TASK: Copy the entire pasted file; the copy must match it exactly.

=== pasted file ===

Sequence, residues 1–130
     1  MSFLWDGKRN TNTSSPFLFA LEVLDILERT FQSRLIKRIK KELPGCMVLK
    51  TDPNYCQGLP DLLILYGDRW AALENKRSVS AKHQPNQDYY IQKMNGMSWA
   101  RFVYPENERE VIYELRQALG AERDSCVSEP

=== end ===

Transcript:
Sequence, residues 1–130
     1  MSFLWDGKRN TNTSSPFLFA LEVLDILERT FQSRLIKRIK KELPGCMVLK
    51  TDPNYCQGLP DLLILYGDRW AALENKRSVS AKHQPNQDYY IQKMNGMSWA
   101  RFVYPENERE VIYELRQALG AERDSCVSEP